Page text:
Magazine article Artforum International

Josh Smith: Talks about Currents, 2008

Magazine article Artforum International

Josh Smith: Talks about Currents, 2008

Article excerpt

PAPER MIGHT RIP, paint might spill, or the game might be on television, but Josh Smith doesn't stop. The artist's fulgent pictures withstand all diversions and relentlessly multiply--their motifs, in his best-known series, traversing the loping letters of his own name and the gaudy facture of "expressionist" brushstrokes. If Smith previously took up the argot of abstraction, over the past year he has increasingly focused on the trappings of representation: renderings and photographs of things. But, as always, interruptions and deflections occur along the way. He often paints a leaf--a dried specimen that he picked up on a rural walk--faithfully registering its particular notches and fissures. Any number of things might happen next, but frequently he digitally photographs the painting and then enlarges and prints the image onto a grid of letter-size paper. These sheets might in turn be pasted into a collage and overlaid with posters or book covers he has made, or with newspapers or screen prints or new painterly marks. Each work at once depicts and replays his signature devices with an eidetic memory. They become a peculiar type of still life, with all the covert aggression of the genre--wresting objects, as it does, from the natural world into the pictorial one.

Smith, in fact, expands this mode of seizure into all manner of transference. He shows not only flora but his own gestural flourishes. He not only paints but presses, blots, laser-prints, glues, scans, photographs. Many of his new collage works are processed onto stacks and stacks of plywood boards. He rotates through these supports as if they were spools of data, amending them with his adhesions and inscriptions (he even inserts blank boards to enforce a mental pause). Sometimes the boards stick to one another, victims of their acquired residues; peeling them apart, the artist occasionally tears holes in the collage's surface layers, which he will simply leave and smooth down with the next round of glue. Such visual subtractions echo his iconic leaf's own gaps. They remind us of the loss entailed in every reproduction, even in every glance--and of the way in which, now, the camera-eye is our eye, and to figure is to capture. As Smith says, "Rather than take a picture ..., I just take it." This is why his images can collapse different resolutions and levels of sharpness, a collapse enacted each time the jagged contours of digitized blowups abut the comparatively high-res print of appropriated newspapers or the actual edges of torn paper. Or why they often present an insistently central shape, centrifugally contained by the framing edge, as if resisting dispersal by the lattice of pages it rests on. Within these tableaux, the serrated, pixelated perimeter or the gridded brushstroke looks normal and coherent. You take what you can get.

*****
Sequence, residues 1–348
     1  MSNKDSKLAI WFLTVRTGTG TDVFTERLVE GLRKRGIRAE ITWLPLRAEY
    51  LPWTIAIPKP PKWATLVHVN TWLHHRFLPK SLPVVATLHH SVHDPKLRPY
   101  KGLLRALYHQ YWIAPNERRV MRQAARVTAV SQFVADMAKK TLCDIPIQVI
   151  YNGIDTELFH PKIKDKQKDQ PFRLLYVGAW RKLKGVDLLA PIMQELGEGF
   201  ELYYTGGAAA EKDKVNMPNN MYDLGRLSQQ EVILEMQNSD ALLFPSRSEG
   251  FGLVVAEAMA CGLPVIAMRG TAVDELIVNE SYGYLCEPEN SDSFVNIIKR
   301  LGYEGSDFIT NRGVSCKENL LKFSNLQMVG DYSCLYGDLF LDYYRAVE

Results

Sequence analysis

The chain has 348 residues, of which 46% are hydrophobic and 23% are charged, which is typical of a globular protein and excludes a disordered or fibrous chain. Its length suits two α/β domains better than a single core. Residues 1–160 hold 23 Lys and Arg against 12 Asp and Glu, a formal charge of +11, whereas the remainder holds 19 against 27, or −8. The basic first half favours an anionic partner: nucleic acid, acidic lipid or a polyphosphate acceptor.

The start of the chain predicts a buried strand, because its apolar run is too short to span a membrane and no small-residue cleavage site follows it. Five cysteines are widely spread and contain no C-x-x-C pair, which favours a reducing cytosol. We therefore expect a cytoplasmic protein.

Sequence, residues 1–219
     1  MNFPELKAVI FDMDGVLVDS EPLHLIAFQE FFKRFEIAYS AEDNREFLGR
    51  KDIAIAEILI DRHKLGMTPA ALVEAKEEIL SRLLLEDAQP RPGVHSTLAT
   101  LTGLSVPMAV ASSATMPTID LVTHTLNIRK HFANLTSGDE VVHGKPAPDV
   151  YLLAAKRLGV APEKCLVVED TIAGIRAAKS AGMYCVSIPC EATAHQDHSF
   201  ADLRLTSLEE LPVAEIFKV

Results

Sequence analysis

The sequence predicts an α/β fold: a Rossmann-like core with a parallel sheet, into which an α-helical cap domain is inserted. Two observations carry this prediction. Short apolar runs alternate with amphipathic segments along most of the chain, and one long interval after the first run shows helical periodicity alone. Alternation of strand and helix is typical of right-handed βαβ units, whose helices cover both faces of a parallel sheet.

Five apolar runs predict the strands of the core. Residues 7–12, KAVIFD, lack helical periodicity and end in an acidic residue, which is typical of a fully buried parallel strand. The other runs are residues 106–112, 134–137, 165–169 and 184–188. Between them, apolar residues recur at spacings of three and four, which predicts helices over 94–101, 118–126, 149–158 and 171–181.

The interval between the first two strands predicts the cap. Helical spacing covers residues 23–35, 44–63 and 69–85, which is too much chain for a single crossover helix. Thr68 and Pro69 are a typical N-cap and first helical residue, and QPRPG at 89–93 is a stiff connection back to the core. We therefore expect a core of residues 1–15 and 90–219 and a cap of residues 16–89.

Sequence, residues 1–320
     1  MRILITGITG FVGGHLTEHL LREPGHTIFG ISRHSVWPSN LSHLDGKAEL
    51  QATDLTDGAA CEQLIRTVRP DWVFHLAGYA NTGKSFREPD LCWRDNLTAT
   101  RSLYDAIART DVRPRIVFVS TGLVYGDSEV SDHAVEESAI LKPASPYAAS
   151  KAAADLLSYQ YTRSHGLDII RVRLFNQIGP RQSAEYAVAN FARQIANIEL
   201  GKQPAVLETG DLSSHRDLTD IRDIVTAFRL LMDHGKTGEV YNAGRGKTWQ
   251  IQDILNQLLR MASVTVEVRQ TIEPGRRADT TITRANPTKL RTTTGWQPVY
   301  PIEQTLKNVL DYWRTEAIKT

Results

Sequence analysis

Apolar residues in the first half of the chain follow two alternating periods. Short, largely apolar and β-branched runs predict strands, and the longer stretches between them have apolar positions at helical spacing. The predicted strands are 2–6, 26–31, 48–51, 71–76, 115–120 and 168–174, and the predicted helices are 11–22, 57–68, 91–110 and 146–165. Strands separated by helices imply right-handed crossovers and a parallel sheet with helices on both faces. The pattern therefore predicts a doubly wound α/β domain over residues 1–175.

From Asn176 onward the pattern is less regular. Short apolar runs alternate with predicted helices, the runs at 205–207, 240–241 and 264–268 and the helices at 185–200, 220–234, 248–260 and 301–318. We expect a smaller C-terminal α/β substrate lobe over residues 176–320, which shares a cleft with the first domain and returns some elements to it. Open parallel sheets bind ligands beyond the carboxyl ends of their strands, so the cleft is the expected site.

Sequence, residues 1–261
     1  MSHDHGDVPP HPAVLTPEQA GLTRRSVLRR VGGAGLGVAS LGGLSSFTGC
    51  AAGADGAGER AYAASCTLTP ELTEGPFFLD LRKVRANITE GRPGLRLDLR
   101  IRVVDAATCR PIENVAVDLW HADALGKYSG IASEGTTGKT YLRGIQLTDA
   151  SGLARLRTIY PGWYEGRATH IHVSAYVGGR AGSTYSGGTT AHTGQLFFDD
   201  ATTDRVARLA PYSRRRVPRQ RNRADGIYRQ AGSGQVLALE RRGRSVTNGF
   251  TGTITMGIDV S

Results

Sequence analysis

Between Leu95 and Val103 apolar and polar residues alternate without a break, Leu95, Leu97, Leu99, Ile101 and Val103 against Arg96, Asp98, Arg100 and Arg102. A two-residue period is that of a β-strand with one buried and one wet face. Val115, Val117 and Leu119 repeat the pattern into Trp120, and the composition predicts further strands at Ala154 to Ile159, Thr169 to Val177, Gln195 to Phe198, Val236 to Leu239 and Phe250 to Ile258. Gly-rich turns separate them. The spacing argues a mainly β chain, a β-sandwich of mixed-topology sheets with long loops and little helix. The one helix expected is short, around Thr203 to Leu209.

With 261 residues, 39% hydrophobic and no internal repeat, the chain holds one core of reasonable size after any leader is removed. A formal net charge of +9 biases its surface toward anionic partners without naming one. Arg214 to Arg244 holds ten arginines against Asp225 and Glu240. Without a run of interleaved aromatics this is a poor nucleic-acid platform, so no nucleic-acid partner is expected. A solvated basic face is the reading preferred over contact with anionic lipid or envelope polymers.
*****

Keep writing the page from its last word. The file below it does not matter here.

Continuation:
THE OPPOSITE OF ABSTRACTION--or, to say it another way, its complementary color--is realism. And realistic paintings are not that good. I respect them, but from my point of view, they're pictures. You look at a picture and you recognize what's in it, and then more than 50 percent of the joy is over--you're pretty much going downhill from there. Picasso, I know, said he abhorred abstraction--to him, it represented the absolute stupidity of art--but I think he seemed confused and a little jealous in saying so. Of course, I try not to think so harshly about realism. The fact is, though, that it is conservative to be a strictly realist painter: You do not have to be an exhibitionist the way you do with abstraction. Particularly with figurative painting, it is different. It is more of a personal, private thing. Just paint it and it is done.

I can just look at anything and paint it. Maybe not perfectly, but I can do it. I can make a really good painting. Last year, I started making paintings of fish that way. I thought it would be nice to have a big painting on the wall of a fish jumping. That is exciting. It makes you wonder why it is there. …

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